If you’ve ever worked in an unhappy office you’ll know what a downer it can be.
In my work I have often spoken about organisational responsibility for a healthy workplace culture, but though some well-intentioned individuals are committed to it, most organisations do very little about actively fostering a positive culture. They do even less about stamping out negativity by nipping unhealthy behaviours in the bud and demonstrating leadership by modelling the behaviour they claim that they expect.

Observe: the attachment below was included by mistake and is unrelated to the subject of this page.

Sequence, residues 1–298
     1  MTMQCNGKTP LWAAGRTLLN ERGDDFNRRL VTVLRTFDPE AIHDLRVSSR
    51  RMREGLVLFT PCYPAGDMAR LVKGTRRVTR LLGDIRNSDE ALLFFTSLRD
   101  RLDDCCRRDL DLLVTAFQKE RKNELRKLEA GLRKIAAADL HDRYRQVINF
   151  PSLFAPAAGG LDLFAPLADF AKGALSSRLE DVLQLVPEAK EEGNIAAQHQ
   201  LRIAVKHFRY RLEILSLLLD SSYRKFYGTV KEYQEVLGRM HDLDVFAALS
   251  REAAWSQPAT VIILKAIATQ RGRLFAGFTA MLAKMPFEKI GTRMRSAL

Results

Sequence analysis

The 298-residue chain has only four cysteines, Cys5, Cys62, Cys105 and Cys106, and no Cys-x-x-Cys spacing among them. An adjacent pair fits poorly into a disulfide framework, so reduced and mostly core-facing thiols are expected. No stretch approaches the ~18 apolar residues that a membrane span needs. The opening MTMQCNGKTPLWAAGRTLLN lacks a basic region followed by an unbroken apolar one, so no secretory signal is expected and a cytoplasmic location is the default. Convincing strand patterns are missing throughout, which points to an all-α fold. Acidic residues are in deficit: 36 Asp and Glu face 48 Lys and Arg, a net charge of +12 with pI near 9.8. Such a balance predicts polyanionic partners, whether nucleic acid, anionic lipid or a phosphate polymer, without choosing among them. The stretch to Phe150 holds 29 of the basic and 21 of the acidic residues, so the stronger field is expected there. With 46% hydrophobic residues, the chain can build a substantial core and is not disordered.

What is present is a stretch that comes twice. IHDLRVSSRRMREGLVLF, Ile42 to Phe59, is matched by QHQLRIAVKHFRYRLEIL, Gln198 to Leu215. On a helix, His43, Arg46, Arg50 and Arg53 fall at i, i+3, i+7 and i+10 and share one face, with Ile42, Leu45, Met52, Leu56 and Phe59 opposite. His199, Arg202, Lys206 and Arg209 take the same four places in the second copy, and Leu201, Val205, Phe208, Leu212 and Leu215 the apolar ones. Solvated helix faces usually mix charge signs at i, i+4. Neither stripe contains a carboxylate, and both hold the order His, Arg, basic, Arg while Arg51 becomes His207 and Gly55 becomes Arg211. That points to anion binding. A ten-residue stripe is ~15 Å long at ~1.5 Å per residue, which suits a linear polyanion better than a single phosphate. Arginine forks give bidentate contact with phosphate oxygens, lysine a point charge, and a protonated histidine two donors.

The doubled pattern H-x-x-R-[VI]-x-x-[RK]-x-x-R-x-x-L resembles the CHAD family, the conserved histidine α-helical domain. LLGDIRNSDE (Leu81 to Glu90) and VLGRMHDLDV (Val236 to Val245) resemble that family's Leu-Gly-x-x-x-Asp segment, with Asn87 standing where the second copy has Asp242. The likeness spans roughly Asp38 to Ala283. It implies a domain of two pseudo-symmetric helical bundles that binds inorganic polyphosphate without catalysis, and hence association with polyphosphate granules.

It’s not that they’re not well-intentioned, most are. But it’s another matter to turn round an ailing and pessimistic culture, especially with all the contemporary pressures that there are in many organisations these days.
It needn’t be so difficult. We are all aware of physical hygiene and the advisability of cutting down the spread of infection through simple measures like hand washing, catching coughs and sneezes in handkerchief, and staying away from others when we are infectious.
We should discourage toxic behaviour at work (or in any group we are part of, for that matter), in the same way, so that it can’t spread.